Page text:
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Strong aftershocks keep rattling Chile

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Strong aftershocks keep rattling Chile

Concepcion, Chile (CNN) -- Two strong aftershocks shook parts of Chile on Friday morning, hours before U.N. Secretary-General Ban Ki-moon was to meet with Chilean President Michele Bachelet and her successor.
An aftershock with a preliminary magnitude of 6.6 struck about 8:47 a.m. Friday, the U.S. Geological Survey said. It had a preliminary magnitude of 6.8, but the survey downgraded it to 6.6.

An aftershock off the coast of the Bio Bio region earlier Friday had a magnitude of 6.0, the survey said. It was originally reported as having a magnitude of 6.3.

The 6.6-magnitude aftershock struck about 20 miles (35 kilometers) from Concepcion, which is near the epicenter of Saturday's devastating 8.8-magnitude quake.

The country is recovering from that massive quake -- the fifth strongest in about 100 years -- that toppled buildings, triggered a tsunami and killed several hundred people. Thousands were left homeless.

The Tsunami Center at the National Oceanic and Atmospheric Administration did not issue a tsunami warning following the 6.6 aftershock.

Strong waves might be felt out at sea, but a 6.6 temblor probably would not generate a tsunami, USGS geophysicist Jessica Sigala said.

More than 150 aftershocks of 5.0 or greater have hit Chile since Saturday. The largest aftershock -- a 6.9 -- rattled the South American nation about an hour and a half after the initial 8.8-magnitude quake, according to the USGS.

The situation remains critical in the hardest-hit areas as the strong aftershocks continue to shake the country.

Food, water and restoration of basic services such as electricity are top priorities, said the U.N. Office for the Coordination of Human Affairs.

The Chilean government, which is leading the rescue and relief efforts, has asked the United Nations for items such as field hospitals with surgical facilities, dialysis centers, generators, satellite phones, structural damage evaluation systems, saltwater purifying systems, mobile bridges and field kitchens.

Meanwhile, a 24-hour telethon, called "Chile Helps Chile," is slated for Friday. Organizers aim to raise $27 million to help quake victims.

Ban will meet with Bachelet and Sebastian Piñera, who takes office Thursday and has named six officials to lead recovery efforts.

"Our government will not be a government of the earthquake," Piñera said. "Our government will be a government of reconstruction."

Ban also plans to visit Concepcion to see the devastation.

Bachelet has dispatched more than 13,000 soldiers and other military personnel to restore order in the area. Food and water started to arrive late Tuesday in Concepcion, and officials said they distributed 3,500 aid packages Wednesday. But many residents have complained that federal aid has been slow to arrive.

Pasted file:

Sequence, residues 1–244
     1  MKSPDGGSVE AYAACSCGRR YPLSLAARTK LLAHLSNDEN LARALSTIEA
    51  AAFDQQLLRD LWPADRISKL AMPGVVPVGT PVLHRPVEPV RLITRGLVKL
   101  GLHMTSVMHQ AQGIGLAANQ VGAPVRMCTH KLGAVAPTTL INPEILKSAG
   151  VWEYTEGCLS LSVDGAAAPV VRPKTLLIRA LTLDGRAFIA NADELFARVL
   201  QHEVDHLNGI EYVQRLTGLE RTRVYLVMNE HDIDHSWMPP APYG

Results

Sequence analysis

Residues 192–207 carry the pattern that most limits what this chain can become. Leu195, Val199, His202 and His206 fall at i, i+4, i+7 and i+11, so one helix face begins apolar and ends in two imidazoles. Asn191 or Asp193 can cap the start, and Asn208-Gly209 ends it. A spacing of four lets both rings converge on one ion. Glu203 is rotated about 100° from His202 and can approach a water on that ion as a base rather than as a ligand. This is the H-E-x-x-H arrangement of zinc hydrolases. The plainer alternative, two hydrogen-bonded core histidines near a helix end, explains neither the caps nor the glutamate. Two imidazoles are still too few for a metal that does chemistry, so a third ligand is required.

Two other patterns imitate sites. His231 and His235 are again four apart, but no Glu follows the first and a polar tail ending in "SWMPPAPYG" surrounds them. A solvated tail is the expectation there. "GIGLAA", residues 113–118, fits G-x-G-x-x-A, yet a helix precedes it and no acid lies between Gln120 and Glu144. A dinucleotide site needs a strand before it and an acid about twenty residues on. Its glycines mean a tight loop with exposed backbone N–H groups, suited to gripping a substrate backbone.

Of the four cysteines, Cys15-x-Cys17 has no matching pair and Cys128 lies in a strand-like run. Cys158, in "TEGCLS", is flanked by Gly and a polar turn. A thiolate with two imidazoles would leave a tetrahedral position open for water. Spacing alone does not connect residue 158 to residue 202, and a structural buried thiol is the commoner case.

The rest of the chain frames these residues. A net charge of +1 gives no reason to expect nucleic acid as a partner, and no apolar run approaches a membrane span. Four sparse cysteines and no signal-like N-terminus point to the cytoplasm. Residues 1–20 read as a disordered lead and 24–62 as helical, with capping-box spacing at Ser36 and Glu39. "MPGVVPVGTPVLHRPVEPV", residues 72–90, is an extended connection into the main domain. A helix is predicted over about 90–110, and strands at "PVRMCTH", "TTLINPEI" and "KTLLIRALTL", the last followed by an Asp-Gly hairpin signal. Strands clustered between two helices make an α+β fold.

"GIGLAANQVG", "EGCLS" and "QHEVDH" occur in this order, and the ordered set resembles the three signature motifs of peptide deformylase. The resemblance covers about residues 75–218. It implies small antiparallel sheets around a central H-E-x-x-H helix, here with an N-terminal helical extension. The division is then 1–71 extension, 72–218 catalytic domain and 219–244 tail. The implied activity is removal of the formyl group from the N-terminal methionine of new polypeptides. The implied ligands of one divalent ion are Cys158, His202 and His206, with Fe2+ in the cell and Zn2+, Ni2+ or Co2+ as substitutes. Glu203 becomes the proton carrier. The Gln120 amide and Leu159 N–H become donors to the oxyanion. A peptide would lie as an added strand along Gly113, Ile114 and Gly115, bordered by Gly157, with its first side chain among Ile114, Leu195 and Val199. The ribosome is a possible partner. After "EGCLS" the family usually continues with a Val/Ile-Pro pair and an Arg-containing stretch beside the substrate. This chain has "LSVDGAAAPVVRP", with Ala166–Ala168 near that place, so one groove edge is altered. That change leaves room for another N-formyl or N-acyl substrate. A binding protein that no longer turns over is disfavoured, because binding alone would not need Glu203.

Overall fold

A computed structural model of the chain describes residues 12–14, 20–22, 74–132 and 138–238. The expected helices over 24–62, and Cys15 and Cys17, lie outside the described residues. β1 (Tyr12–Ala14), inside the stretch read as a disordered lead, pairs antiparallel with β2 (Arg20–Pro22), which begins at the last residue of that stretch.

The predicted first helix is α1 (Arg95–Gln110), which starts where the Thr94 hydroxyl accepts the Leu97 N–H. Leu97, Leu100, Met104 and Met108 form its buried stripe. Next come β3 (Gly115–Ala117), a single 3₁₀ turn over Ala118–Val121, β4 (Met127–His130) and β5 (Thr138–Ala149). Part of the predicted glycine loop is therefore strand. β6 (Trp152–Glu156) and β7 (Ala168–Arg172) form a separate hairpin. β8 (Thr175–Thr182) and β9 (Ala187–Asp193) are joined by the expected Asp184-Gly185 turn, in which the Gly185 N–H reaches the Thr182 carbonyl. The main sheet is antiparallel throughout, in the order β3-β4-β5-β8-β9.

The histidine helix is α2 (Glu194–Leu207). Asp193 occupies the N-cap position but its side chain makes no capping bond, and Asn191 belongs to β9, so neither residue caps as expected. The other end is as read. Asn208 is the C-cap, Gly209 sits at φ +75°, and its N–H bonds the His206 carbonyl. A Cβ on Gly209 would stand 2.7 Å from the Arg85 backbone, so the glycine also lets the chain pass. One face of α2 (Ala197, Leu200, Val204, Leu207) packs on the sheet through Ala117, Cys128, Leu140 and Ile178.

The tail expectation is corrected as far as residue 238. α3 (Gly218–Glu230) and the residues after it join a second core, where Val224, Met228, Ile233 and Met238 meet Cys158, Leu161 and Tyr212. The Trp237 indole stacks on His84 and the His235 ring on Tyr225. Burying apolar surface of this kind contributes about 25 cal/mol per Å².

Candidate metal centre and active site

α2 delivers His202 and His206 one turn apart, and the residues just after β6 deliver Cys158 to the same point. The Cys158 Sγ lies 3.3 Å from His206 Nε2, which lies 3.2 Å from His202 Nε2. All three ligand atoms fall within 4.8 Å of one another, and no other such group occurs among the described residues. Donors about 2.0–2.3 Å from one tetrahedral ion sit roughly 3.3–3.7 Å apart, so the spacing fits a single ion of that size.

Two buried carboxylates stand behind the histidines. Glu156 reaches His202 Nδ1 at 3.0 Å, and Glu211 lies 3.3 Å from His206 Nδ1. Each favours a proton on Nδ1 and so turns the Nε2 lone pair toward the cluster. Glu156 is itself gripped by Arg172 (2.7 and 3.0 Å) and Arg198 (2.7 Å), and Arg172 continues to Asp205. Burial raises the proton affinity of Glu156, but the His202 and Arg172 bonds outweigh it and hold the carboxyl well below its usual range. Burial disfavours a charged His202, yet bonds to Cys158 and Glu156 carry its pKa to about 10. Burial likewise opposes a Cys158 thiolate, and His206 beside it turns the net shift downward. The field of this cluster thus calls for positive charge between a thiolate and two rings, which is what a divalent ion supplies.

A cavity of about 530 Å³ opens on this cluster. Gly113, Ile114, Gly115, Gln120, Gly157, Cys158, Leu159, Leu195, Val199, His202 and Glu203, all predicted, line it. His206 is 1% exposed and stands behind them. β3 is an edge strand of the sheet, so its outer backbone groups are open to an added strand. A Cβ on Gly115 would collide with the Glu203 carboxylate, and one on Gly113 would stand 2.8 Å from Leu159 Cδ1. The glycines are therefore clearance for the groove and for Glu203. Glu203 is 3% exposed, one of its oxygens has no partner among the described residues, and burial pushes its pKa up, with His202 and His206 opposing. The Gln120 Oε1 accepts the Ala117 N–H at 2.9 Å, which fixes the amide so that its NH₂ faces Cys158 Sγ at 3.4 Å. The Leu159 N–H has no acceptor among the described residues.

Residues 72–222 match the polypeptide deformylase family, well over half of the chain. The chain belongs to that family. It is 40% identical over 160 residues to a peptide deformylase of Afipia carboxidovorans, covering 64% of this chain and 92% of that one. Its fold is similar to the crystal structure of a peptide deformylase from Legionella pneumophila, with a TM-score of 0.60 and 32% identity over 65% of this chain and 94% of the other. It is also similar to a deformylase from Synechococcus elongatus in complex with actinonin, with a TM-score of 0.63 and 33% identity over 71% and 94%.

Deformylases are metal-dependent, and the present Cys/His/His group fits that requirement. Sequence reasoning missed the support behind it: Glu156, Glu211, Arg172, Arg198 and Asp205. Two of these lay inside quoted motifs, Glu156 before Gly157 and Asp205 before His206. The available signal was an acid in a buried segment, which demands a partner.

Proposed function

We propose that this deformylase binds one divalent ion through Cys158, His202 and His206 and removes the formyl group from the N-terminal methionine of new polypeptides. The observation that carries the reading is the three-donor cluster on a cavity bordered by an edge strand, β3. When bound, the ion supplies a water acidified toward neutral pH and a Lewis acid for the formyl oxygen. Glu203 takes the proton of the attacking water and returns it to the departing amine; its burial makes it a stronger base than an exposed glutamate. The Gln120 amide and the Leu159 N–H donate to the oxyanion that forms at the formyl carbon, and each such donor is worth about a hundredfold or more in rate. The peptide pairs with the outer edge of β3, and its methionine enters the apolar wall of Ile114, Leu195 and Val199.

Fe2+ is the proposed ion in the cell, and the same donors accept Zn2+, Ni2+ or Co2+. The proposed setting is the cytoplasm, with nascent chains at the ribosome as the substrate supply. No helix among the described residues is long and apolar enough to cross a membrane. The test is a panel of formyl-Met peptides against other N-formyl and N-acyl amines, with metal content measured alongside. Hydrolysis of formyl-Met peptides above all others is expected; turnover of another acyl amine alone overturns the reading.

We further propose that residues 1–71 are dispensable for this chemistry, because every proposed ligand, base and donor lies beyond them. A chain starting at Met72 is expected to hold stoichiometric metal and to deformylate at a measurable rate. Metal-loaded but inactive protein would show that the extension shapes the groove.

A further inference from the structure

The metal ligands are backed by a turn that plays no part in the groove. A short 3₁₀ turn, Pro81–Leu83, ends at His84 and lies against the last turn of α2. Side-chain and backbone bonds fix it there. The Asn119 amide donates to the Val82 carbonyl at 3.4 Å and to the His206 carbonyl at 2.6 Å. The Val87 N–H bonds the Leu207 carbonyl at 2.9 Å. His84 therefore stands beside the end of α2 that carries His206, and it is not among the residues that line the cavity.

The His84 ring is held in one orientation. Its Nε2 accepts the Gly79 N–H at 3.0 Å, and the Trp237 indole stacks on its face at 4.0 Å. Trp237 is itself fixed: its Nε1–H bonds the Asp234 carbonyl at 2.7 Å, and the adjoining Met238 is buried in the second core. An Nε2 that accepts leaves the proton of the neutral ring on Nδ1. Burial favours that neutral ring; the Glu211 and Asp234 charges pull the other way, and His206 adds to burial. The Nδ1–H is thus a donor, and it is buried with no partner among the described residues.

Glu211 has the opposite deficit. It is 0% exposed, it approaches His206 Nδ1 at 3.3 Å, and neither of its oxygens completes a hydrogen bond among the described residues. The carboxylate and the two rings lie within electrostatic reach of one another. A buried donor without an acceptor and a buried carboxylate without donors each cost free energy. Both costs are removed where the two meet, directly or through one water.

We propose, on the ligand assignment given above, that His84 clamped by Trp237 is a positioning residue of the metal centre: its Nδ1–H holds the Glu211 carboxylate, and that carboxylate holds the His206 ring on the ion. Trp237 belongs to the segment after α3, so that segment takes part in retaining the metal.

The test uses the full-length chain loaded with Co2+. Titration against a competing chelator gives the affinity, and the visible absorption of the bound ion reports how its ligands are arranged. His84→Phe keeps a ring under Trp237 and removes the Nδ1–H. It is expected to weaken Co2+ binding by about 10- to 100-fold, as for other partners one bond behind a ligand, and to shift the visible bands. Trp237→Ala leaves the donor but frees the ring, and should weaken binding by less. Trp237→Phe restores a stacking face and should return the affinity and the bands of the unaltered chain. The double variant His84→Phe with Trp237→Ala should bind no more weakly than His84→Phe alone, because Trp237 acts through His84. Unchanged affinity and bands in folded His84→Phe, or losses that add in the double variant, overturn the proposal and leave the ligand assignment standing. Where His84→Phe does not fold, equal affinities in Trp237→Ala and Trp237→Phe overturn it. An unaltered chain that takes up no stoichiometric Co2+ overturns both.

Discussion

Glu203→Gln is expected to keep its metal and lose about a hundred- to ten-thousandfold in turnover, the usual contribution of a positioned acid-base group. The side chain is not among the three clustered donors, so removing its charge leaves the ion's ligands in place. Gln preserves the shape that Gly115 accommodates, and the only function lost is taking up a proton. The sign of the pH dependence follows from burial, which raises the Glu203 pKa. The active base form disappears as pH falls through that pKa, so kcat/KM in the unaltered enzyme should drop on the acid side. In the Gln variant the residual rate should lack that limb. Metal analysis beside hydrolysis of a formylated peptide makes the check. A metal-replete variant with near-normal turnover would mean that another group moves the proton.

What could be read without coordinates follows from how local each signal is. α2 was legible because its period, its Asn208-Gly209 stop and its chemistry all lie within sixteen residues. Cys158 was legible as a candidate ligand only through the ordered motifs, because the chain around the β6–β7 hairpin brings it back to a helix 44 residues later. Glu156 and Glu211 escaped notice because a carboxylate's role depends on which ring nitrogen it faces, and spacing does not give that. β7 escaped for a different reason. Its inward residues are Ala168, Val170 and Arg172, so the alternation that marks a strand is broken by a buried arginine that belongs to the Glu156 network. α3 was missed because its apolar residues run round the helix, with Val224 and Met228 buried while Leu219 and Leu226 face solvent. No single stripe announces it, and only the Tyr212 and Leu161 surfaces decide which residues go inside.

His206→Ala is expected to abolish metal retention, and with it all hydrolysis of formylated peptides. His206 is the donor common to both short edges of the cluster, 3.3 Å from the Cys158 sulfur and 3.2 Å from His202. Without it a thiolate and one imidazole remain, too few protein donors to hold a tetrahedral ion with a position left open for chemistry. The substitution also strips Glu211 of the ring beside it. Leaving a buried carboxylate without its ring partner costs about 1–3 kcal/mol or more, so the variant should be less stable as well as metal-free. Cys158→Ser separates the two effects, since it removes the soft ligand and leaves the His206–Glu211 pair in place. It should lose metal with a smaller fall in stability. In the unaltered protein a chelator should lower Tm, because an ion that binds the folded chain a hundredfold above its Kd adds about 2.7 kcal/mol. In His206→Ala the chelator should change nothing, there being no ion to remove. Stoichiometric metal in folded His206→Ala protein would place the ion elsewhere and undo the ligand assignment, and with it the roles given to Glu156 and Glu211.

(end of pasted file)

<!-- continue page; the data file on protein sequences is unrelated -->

"Today, we have not received one measure of water from the National Emergency Office, understanding that there are some difficulties," said Eduardo Soto, mayor of Rancagua in central Chile.

Bachelet toured parts of central and southern Chile on Thursday. She first visited Talcahuano, where a quake-induced tsunami roared through many parts of the seaport. Bachelet also toured Talca, another devastated area.

"This is the time for action," she said later Thursday on returning to the capital, Santiago, where she met with leaders of the Catholic Church.

The church has been a partner in providing help in the quake's aftermath. Monsignor Alejandro Goic shared a note from Pope Benedict XVI, expressing sadness about the tragedy and supporting the Chilean people.

The top priority remained the needs of survivors, followed by reconstruction efforts, Bachelet said.

Chile has announced three days of national mourning starting Sunday. Every house has been authorized to hang the national flag in memory of those who perished.

The death toll was revised downward Thursday as authorities reviewed discrepancies in the reported number of dead in the Maule region.

The casualty count in Maule, originally reported at 587, included more than 200 people who are missing but not confirmed dead, said Deputy Interior Minister Patricio Rosende. Therefore, the official nationwide death toll is lower than the 802 figure that emergency authorities gave.

To limit confusion, Rosende read aloud the names of 279 Chileans who had been killed and identified by Thursday evening. He said would update that official number regularly. The new tally does not account for hundreds of unidentified victims.

With disasters of this magnitude, "the number of dead change daily," Rosende said. "It takes months sometimes to compile the information, because one of the biggest problems in the affected areas is the lack of precision and uncertainty at the scene."

In other developments, the Chilean Davis Cup tennis team will open competition in Coquimbo, Chile, against Israel on Saturday instead of Friday. Team officials and players said they would be playing in honor of quake victims.

"It will be difficult, but we will do our best for our country," said player Fernando Gonzalez.


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